December 6, 2021

Dryden students to answer ‘roll’ call

Phys ed teacher organizes event for middle schoolers to ride bikes to school

Bob Ellis/staff photographer

The Dryden Middle/High School is shown on Route 38 in Dryden in this 2016 Cortland Standard file photo.

DRYDEN — Dryden Middle School students are invited to ride their bikes to school on Tuesday and Thursday in honor of National Ride Your Bike Month, a teacher said.

The program, organized by physical education teacher Janine Bennett, promotes physical activity as a form of treatment for common conditions — including anxiety, depression and attention deficit hyperactivity disorder — instead of using medication to cope, Bennett said.

“We received a grant from Riding for Focus three years ago to get kids to outride ADHD,” Bennett said. “The premise is, not only does it help kids with ADHD, anxiety and depression, but exercise has a positive effect in helping them cope.”

As part of the grant, educators are given a curriculum to teach students about bike safety, protective gear, hand signals and potential road dangers, Bennett said.

With the curriculum comes 25 bikes and 25 helmets that students can use.

But that still leaves some students without bikes and Bennett wants to raise money for next year’s program so all students can take part, she said.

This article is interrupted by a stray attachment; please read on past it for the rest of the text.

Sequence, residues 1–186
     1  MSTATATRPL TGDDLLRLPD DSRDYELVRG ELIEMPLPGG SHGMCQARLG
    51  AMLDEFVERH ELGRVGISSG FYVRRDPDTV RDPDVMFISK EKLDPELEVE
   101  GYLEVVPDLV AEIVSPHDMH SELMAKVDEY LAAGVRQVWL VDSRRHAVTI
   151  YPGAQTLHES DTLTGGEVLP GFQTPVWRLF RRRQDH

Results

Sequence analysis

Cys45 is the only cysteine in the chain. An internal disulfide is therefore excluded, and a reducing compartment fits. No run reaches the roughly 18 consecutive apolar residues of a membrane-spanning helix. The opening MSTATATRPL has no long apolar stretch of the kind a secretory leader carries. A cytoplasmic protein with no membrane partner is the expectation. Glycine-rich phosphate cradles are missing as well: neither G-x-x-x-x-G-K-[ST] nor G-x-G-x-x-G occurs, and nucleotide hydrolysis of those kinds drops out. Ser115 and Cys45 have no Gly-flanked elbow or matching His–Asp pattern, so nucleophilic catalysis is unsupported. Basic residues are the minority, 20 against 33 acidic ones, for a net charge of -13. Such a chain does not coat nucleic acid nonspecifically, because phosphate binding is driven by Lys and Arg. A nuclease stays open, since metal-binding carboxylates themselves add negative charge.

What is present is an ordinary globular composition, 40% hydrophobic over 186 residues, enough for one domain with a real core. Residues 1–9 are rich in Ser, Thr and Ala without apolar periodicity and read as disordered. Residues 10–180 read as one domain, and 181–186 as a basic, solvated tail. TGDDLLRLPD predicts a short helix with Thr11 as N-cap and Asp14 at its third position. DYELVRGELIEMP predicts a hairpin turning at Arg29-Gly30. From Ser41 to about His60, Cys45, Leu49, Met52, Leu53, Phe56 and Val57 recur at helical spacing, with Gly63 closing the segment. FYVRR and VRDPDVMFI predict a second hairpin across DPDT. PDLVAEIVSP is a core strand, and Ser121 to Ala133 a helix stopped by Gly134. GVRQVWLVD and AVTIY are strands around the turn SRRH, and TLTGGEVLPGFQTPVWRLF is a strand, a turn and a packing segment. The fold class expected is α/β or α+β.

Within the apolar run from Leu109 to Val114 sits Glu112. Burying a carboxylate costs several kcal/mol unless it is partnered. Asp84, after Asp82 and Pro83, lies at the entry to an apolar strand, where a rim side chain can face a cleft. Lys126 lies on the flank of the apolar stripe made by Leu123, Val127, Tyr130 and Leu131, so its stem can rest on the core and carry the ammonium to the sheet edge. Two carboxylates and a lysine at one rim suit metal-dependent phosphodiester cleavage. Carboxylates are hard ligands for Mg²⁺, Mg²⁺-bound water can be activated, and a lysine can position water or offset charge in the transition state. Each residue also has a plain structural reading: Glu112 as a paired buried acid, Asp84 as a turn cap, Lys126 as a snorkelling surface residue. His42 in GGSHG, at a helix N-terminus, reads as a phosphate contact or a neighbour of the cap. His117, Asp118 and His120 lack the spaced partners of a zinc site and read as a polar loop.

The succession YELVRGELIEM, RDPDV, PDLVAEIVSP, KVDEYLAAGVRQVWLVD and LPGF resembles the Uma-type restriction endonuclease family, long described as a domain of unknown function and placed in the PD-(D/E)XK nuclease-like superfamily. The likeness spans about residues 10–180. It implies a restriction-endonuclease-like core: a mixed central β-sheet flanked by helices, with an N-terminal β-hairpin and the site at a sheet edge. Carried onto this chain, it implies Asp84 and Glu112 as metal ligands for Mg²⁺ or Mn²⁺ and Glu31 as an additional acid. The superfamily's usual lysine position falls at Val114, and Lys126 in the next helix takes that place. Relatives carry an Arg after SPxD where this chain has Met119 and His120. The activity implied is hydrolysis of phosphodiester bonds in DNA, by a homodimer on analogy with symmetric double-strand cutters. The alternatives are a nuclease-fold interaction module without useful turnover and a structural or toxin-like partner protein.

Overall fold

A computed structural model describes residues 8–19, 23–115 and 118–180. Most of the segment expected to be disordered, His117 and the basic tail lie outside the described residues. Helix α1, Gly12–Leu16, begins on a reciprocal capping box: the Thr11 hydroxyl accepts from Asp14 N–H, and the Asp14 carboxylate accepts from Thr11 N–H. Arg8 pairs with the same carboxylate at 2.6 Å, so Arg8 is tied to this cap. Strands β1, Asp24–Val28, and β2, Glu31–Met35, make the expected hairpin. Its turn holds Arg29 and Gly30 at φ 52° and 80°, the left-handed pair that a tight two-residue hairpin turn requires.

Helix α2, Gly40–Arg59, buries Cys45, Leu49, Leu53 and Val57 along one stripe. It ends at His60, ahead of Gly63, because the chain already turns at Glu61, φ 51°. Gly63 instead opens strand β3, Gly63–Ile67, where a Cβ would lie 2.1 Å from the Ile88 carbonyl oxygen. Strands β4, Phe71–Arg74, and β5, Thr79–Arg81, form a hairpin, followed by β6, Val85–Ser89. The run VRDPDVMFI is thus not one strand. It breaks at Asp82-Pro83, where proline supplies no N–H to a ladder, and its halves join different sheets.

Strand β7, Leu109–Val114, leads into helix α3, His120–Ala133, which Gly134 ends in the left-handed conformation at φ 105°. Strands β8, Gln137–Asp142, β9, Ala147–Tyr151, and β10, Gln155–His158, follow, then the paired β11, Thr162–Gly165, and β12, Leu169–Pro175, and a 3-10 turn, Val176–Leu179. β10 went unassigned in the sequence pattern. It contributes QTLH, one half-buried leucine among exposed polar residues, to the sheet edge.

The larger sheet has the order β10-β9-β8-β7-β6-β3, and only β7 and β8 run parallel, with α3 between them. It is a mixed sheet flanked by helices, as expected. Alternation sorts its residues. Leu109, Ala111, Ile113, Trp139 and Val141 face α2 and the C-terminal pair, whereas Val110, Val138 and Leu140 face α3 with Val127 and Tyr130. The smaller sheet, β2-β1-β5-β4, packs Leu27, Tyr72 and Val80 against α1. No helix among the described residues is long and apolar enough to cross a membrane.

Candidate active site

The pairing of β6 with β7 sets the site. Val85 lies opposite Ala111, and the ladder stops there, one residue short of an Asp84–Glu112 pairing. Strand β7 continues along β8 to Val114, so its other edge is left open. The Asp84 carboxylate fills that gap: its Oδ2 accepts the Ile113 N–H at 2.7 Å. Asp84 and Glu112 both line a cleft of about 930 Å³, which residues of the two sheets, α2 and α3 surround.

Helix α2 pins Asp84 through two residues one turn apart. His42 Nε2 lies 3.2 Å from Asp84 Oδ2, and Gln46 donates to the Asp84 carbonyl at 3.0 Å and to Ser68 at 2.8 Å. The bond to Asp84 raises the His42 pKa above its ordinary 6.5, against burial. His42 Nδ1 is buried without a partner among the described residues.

Still, she expects up to 50 students will ride to school.

“We’re doing a hybrid version now where kids come to school two days a week; on Tuesday and Thursday,” Bennett said. “We picked two middle days that all the kids would go and are coming on both days so all kids have the opportunity to ride their bike to school.”

On both days, state police, Tompkins County sheriff’s deputies and Dryden police will be at high-traffic intersections to direct traffic, Bennett said.

Students are encouraged to ride the Jim Schug and Dryden Rail Trails into the village before taking main roads to the school.

“Parents are uncomfortable, they’re worried about the roads and the drivers not expecting them,” Bennett said. “We want to see comfort levels rise and parents be more supportive and for drivers to gain heightened awareness that our kids are out there now and we will start to look for them.”

“Drivers need education — if a driver or a vehicle is passing on the road, the bikers have the same right of way,” said Tompkins County sheriff’s Lt. Kyle Koskinen. “The biggest thing is we are able to provide deputies on bikes in proper equipment so students can see that and if they have questions, they can speak to trained bike patrol deputies.”

Deputies Zachary Messmer and Mark Montesano will ride with students on their way to school on the trails and roadways, Koskinen said.